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A reinvenção da prisão: a expansão prisional no Estado de São Paulo e as consequências do encarceramento massivo (1985-2010)

Barros, Rodolfo Arruda Leite de
Fonte: Universidade Estadual Paulista (UNESP) Publicador: Universidade Estadual Paulista (UNESP)
Tipo: Tese de Doutorado Formato: vi, 220 f. : il. color.
POR
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26.15%
Coordenação de Aperfeiçoamento de Pessoal de Nível Superior (CAPES); Pós-graduação em Ciências Sociais - FFC; Este trabalho discute o rápido crescimento do sistema prisional no Estado de São Paulo ocorrido nas três últimas décadas (1985 – 2010) buscando compreender quais foram as dinâmicas sociais e políticas que impulsionaram a construção das unidades prisionais e de que maneira as decisões que coordenaram essa expansão prisional podem ser vistas como uma política pública problemática. Desta maneira, o trabalho retoma a história e os principais acontecimentos que marcaram o funcionamento do sistema prisional no Estado e as políticas públicas diretamente relacionadas a sua administração. Neste ponto, foi dado destaque às crescentes instabilidades no sistema prisional (caracterizadas pelo teor das rebeliões e da ação de grupos organizados no interior das prisões) e no modo pelo qual essas pressões impulsionaram políticas públicas que priorizaram a expansão de vagas no sistema. Para qualificar essa investigação, também realizamos uma retomada do debate mais amplo que envolve as tendências da prisão na época contemporânea e sobre as interpretações acerca do revigoramento das medidas penais ocorrida na maioria dos países ocidentais...

Closed circuits : kinship, neighborhood and incarceration in urban Portugal

Cunha, Manuela Ivone P. da
Fonte: Universidade do Minho Publicador: Universidade do Minho
Tipo: Artigo de Revista Científica
Publicado em //2008 ENG
Relevância na Pesquisa
46.36%
The notion that prisons are a ‘world apart’, with their walls severing prisoners from their external relationships, and incarceration an interruption, ‘time away’ spent in a separate social universe, has provided an adequate framework for understanding the social realities of imprisonment in the past. But it has also created an analytical dead angle that prevents us from identifying the ramifying social effects of concentrated incarceration upon both the prison and heavily penalized lower-class neighborhoods. This article addresses these effects with data from an ethnographic revisit of a major women’s prison in Portugal, where the recomposition of the inmate population that has accompanied the rapid inflation of the country’s carceral population is especially pronounced and entails the activation of wide-ranging carceralized networks bringing kinship and neighborhood into the prison as well as the prison into the domestic world. The analysis focuses on the ways whereby these constellations have transformed the experience of confinement and the texture of correctional life, calling for a reconsideration of the theoretical status of the prison as a ‘total institution’ and for exploring anew the boundary that separates it (or not) from outside worlds.; Wenner-Gren Foundation for Anthropological Research.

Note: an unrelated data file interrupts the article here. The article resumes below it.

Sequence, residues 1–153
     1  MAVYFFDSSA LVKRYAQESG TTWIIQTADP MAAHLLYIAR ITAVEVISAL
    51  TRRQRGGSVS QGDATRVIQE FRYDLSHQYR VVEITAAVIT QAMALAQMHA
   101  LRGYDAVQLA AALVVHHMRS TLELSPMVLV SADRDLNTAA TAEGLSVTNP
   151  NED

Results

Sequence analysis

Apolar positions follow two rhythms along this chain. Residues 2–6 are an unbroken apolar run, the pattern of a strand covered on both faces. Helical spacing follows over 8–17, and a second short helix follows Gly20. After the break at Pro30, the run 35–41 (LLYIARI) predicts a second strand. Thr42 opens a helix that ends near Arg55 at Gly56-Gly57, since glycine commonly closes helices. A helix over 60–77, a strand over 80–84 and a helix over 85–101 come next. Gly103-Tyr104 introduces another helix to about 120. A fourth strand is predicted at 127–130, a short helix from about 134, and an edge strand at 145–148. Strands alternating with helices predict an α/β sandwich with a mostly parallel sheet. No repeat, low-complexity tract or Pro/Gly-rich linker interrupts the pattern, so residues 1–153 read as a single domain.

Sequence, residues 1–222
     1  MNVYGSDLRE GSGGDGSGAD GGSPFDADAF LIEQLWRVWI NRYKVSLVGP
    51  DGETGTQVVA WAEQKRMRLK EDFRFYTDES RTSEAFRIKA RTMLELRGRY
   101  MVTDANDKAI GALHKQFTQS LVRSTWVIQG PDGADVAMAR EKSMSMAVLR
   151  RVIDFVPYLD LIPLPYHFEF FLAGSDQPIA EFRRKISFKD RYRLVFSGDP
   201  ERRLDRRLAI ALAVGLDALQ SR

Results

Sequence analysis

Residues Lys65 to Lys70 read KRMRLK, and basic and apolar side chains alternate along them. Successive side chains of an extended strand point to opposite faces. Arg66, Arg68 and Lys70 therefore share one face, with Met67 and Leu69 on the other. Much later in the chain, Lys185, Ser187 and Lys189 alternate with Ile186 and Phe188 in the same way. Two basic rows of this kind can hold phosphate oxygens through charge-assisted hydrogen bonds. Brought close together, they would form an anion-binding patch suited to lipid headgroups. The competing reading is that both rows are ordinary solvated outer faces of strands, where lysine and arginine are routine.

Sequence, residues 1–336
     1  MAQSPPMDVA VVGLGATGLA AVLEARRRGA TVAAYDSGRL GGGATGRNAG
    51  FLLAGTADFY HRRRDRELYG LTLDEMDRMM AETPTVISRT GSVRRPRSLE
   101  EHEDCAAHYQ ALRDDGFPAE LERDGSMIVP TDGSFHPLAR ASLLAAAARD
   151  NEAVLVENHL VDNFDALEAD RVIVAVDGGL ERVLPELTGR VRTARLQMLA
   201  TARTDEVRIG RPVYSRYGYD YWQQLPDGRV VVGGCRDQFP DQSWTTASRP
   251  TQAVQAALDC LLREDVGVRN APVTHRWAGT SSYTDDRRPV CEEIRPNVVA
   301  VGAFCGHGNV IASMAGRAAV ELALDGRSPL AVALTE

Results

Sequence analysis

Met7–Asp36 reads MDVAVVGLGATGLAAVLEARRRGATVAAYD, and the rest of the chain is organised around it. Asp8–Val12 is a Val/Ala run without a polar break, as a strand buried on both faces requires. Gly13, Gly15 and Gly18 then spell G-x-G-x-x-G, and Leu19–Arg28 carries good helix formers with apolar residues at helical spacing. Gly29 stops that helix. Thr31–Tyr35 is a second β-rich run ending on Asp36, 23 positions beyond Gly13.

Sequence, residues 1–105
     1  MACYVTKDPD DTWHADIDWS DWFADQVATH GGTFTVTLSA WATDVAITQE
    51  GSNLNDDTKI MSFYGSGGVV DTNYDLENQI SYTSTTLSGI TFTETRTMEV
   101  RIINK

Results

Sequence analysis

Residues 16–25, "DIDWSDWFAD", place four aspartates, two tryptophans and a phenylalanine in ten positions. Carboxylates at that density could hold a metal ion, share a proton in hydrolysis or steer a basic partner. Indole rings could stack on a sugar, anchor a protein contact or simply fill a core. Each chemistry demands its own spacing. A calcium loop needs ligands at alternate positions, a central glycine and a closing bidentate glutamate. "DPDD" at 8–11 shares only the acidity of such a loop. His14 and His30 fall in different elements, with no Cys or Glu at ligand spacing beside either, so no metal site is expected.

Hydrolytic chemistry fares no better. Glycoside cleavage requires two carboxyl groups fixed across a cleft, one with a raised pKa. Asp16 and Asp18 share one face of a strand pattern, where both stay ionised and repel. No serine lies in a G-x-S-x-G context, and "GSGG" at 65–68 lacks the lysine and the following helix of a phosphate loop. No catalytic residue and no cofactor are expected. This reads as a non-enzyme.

Mass incarceration can explain population increases in TB and multidrug-resistant TB in European and central Asian countries

Stuckler, David; Basu, Sanjay; McKee, Martin; King, Lawrence
Fonte: National Academy of Sciences Publicador: National Academy of Sciences
Tipo: Artigo de Revista Científica
EN
Relevância na Pesquisa
46.58%
Several microlevel studies have pinpointed prisons as an important site for tuberculosis (TB) and multidrug-resistant TB in European and central Asian countries. To date, no comparative analyses have examined whether rises in incarceration rates can account for puzzling differences in TB trends among overall populations. Using longitudinal TB and cross-sectional multidrug-resistant TB data for 26 eastern European and central Asian countries, we examined whether and to what degree increases in incarceration account for differences in population TB and multidrug-resistant TB burdens. We find that each percentage point increase in incarceration rates relates to an increased TB incidence of 0.34% (population attributable risk, 95% C.I.: 0.10–0.58%, P < 0.01), after controlling for TB infrastructure; HIV prevalence; and several surveillance, economic, demographic, and political indicators. Net increases in incarceration account for a 20.5% increase in TB incidence or nearly three-fifths of the average total increase in TB incidence in the countries studied from 1991 to 2002. Although the number of prisoners is a significant determinant of differences in TB incidence and multidrug-resistant TB prevalence among countries, the rate of prison growth is a larger determinant of these outcomes...

Parental Incarceration and Gender-based Risks for Increased Body Mass Index: Evidence From the National Longitudinal Study of Adolescent Health in the United States

Roettger, Michael E.; Boardman, Jason D.
Fonte: Oxford University Press Publicador: Oxford University Press
Tipo: Artigo de Revista Científica
EN
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26.71%